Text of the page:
WikiLeaks founder Julian Assange gestures during a news
conference at the Ecuadorian embassy in central London.
WikiLeaks founder Julian Assange, who has spent over two
years in Ecuador's London embassy to avoid a sex crimes inquiry
in Sweden, says he plans to leave the building "soon", but
Britain has signalled it will still arrest him if he tries.
Assange made the surprise assertion during a news conference
alongside Ecuador's Foreign Minister Ricardo Patino. But his
spokesman played down the chances of an imminent departure,
saying the British government would first need to revise its
position and let him leave without arrest, something it has
repeatedly refused to do.
The 43-year-old Australian fled to the embassy in June 2012
to avoid extradition for questioning in Sweden over sex
assault and rape allegations, which he denies.
He says he fears that if extradited to Sweden he would then
be handed over to the United States, where he could be tried
for one of the largest information leaks in U.S. history.
Assange would be arrested if he exited the London embassy
because he has breached his British bail terms.
"I am leaving the embassy soon ... but perhaps not for the
reasons that Murdoch press and Sky news are saying at the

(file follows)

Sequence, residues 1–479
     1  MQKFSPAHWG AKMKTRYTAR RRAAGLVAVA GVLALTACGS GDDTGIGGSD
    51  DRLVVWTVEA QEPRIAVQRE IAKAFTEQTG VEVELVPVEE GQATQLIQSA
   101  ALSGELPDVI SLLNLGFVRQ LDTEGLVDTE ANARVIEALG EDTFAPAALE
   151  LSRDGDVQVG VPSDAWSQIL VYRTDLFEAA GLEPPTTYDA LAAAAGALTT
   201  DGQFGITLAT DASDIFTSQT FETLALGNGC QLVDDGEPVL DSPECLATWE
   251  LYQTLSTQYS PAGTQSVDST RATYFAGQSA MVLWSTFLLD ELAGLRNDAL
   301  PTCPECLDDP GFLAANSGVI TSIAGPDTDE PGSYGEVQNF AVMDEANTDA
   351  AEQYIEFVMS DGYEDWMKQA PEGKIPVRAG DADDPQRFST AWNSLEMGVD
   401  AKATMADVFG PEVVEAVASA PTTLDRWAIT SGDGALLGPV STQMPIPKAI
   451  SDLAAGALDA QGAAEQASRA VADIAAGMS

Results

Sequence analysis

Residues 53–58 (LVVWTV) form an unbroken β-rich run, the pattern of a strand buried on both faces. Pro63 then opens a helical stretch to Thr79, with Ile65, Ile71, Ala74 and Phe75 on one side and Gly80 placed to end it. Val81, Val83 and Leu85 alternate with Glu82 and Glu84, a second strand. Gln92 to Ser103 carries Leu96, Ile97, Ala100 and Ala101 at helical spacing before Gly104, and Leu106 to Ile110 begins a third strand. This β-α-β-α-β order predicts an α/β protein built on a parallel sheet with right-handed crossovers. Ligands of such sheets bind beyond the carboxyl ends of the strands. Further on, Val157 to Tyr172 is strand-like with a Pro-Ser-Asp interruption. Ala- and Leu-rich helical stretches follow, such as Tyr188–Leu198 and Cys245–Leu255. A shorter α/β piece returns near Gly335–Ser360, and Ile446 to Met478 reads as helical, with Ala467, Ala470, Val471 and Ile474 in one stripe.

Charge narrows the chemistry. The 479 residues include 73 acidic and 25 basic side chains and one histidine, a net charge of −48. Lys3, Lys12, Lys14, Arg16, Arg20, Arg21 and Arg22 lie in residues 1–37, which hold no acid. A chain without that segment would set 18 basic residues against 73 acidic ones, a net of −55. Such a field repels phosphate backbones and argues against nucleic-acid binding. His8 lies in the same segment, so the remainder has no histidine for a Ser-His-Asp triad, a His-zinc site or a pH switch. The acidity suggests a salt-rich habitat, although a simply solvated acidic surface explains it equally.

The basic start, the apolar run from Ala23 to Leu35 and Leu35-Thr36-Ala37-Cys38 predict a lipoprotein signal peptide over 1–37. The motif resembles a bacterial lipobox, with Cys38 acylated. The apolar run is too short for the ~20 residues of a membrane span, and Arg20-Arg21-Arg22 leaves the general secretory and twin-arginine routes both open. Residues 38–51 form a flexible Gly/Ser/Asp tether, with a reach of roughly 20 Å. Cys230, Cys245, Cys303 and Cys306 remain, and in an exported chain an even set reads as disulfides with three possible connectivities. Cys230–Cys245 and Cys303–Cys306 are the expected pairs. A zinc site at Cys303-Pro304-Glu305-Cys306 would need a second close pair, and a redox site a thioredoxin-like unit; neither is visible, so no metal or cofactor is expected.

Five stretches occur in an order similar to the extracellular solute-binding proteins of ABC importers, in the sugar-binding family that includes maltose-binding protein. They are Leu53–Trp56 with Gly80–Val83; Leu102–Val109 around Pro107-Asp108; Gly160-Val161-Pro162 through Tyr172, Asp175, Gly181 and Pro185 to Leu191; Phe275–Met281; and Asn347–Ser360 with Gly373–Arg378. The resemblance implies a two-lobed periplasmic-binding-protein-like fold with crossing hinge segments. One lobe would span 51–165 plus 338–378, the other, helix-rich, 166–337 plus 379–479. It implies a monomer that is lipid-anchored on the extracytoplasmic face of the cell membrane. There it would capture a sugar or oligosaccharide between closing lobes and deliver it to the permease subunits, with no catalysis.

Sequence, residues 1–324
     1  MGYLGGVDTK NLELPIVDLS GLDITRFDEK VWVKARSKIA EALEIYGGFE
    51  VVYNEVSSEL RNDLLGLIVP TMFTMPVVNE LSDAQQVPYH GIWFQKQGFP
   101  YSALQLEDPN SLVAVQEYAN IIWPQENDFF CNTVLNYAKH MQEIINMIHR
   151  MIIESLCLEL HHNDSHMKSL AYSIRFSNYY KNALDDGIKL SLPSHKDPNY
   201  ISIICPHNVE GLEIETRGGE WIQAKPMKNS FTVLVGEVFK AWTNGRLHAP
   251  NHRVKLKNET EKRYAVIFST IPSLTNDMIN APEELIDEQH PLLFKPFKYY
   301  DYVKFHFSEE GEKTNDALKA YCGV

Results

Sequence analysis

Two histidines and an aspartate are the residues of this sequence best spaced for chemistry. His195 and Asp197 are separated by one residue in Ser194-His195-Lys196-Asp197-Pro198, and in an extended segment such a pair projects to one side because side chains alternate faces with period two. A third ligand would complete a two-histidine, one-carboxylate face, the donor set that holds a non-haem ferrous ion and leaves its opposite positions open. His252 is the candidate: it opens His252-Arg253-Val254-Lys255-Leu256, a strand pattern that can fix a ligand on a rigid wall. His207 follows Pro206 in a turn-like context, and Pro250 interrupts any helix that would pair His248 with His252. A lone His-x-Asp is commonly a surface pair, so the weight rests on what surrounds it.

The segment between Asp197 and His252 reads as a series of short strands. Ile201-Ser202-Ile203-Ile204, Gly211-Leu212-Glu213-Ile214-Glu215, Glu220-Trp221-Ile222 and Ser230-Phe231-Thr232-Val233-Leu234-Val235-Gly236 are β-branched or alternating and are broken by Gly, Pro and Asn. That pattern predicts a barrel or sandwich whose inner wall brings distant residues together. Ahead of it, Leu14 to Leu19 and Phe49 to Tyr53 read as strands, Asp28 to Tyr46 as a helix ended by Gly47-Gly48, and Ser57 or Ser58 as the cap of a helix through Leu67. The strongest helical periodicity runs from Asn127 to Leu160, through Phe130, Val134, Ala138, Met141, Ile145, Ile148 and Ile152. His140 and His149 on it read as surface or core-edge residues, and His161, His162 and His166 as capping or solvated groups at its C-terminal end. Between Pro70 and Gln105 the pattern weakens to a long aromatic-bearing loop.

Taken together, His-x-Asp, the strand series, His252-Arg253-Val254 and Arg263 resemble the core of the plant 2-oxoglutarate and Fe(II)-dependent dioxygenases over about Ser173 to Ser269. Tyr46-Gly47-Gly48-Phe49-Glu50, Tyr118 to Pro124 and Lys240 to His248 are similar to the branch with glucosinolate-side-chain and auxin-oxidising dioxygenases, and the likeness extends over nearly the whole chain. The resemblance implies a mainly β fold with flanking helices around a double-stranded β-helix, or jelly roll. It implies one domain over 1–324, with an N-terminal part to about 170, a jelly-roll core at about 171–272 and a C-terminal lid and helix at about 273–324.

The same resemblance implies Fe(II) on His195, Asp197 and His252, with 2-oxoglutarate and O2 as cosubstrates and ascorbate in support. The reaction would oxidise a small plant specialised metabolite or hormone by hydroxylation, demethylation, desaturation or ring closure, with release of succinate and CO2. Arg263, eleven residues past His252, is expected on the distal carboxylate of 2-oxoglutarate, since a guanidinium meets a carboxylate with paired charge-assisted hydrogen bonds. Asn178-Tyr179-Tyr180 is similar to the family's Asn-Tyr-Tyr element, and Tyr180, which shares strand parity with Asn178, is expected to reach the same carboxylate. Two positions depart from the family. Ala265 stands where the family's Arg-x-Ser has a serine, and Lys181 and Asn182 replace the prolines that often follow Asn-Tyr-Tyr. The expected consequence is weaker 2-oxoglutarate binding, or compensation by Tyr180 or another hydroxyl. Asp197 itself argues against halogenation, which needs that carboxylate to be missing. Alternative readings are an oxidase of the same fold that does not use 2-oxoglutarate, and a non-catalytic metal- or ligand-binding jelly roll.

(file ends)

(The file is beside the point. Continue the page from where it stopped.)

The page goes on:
moment," Assange told reporters at the embassy in central
Britain's Sky News, part owned by Rupert Murdoch's 21st
Century Fox, had earlier reported that Assange was
considering leaving the embassy due to deteriorating health.
'CALL OFF THE SIEGE'
WikiLeaks began releasing thousands of confidential U.S.
documents on the Internet in 2010. That embarrassed the
United States, and some critics say it put national security
and people's lives at risk.
Ecuador later granted Assange political asylum. But he was
unable to leave Britain and has ended up living in the
embassy's cramped quarters in central London.
His comments briefly raised the possibility of his leaving
imminently. But Kristinn Hrafnsson, his spokesman, told
reporters that he could only do so if the British government
"calls off the siege outside". Assange had no intention of
handing himself over to the police, he added.
Ecuador's Patino said he would try to hold talks with his
British counterpart to resolve the case. Recent changes to
British extradition laws may mean Assange would not be facing
extradition if his case had just started.
Britain's Foreign Office said it remained as committed as
ever to reaching a diplomatic solution to the problem, but
reiterated that Assange still needed to be extradited.
"As ever we look to Ecuador to help bring this difficult, and
costly, situation to an end," a spokeswoman said.
The Assange issue has put Britain and Ecuador at odds, with
London angered by the decision of Ecuador's socialist
President Rafael Correa to grant him asylum and Quito unhappy
at the British refusal to allow him safe passage.
Asked about his health, Assange said anyone would be affected
by spending two years in a building with no outside areas or
direct sunlight, a complaint he has made several times